Q: Are there any opportunities that you see where philanthropy and nonprofits can step up to help tackle some of the challenges and needs we’ve discussed? Is there a service or support that we are failing to provide that might be an opportunity for civil society to innovate and better provide than the government?  

Hirschfeld: We need philanthropy and nonprofits to fill that gap where the federal government fails to help veterans. Too many veterans slip through the cracks and need help. The transition to the civilian world can be challenging for most. Creating that sense of community and camaraderie experienced in active duty, but in post-active duty, can save veteran lives. This can be through mentorship, fitness, therapy, sports teams, etc. Community is everything.   

Rodriguez: It’s specifically around that three- to six-month window of your transition from military service. You can bring local community ambassadors into the picture to help with that transition, rather than have this process be driven by government programs that ultimately end up doing nothing. Nonprofits, local businesses and foundations have the agility to assist in having checkpoints with service members that are leaving the military on issues like physical or mental health care, supplementing costs of health care that the VA won’t cover or something as simple as a small grant for a work certification.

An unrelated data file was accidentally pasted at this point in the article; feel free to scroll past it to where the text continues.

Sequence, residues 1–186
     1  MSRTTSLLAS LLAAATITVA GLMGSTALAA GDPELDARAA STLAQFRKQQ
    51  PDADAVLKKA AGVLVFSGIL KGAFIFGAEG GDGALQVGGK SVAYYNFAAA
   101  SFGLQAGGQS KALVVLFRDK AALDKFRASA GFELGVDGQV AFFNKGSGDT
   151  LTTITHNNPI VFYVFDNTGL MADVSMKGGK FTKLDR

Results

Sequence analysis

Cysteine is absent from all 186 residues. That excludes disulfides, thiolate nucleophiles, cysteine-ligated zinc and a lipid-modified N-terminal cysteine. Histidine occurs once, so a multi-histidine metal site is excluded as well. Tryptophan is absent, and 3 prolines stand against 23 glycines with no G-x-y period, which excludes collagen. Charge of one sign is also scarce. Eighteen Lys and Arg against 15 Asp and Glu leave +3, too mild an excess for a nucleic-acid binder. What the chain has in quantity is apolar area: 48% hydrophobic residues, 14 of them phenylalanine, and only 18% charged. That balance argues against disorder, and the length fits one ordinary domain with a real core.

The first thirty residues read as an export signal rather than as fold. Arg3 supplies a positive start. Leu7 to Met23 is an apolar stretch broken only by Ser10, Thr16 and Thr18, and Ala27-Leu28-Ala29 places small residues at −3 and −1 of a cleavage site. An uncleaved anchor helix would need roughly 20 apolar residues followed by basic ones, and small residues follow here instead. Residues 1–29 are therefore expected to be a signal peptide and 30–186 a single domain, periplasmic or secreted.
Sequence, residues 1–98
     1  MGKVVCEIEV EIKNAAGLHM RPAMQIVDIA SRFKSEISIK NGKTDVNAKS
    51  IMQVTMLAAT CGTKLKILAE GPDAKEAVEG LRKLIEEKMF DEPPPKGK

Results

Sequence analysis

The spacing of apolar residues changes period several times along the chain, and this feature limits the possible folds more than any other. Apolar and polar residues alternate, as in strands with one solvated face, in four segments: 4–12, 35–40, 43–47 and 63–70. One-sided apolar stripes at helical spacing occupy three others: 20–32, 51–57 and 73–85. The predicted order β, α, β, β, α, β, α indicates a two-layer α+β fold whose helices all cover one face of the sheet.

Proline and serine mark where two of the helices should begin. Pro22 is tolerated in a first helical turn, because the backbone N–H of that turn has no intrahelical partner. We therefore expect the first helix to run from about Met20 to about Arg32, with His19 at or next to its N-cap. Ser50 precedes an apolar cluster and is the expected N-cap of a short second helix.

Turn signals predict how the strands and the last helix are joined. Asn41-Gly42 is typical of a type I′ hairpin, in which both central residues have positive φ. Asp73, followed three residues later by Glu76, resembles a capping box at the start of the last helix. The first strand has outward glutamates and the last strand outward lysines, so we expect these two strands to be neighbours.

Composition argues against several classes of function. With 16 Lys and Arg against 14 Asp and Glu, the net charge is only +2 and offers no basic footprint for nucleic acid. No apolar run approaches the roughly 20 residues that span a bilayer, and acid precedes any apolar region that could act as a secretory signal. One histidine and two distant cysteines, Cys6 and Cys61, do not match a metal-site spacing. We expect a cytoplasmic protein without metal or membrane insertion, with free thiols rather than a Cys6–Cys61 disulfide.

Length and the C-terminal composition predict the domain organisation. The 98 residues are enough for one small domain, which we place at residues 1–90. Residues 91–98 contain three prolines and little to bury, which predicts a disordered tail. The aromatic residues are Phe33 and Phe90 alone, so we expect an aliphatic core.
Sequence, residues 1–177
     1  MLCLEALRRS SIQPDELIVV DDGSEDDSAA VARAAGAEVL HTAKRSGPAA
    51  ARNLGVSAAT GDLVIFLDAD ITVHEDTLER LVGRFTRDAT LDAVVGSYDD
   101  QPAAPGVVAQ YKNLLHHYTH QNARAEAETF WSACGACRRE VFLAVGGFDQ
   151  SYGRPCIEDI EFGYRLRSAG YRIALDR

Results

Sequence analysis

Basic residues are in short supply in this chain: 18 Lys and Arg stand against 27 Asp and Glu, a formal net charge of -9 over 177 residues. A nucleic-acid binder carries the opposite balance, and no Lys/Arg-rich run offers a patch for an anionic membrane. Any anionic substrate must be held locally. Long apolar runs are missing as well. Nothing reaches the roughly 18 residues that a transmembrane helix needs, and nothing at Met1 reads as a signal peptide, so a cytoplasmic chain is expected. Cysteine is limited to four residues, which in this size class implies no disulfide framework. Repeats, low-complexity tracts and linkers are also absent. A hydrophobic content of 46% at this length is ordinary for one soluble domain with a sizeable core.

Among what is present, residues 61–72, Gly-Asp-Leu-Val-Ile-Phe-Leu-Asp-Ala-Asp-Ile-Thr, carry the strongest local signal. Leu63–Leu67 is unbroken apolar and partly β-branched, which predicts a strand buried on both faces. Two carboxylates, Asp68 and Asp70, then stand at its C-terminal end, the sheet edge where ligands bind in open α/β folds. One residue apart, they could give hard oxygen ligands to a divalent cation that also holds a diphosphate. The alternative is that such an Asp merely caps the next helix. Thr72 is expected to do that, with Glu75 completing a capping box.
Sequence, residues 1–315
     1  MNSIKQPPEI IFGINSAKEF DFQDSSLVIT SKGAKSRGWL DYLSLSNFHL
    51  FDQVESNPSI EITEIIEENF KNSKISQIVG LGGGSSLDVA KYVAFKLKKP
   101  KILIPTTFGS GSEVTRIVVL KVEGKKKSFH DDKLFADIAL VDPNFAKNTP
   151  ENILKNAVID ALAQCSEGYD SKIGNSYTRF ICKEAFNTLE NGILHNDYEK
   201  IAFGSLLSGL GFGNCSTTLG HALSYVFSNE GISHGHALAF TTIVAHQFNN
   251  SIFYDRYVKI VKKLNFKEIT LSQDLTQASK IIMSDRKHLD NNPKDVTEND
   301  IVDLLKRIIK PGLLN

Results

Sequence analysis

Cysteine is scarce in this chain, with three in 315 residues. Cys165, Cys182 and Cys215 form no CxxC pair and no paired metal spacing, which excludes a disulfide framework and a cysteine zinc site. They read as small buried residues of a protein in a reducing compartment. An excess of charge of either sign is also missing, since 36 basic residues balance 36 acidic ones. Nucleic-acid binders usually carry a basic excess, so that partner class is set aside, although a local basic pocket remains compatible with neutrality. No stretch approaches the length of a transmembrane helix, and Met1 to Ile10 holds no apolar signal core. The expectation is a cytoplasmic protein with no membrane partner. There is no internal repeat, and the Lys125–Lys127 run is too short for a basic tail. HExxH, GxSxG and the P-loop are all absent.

Q: What do you think is most important for donors to consider when evaluating and giving to veteran-centered charities? 

Hirschfeld: Donors should look at two data points with the first being how many veterans are being served, and the second is the total administration costs vs. the funds actually helping veterans. Unfortunately, over the years, there have been too many fraudulent veteran charity schemes aimed at helping disabled and wounded veterans. It’s imperative to do your homework and ensure the organization is legitimate and the money is directly helping veterans. 

Rodriguez: I would look at their financial disclosures to find out where the money is actually going, and what the split is for operational costs versus their programmatic work. Due diligence around organizations is incredibly important in making sure that the funds are going toward the cause you want to support.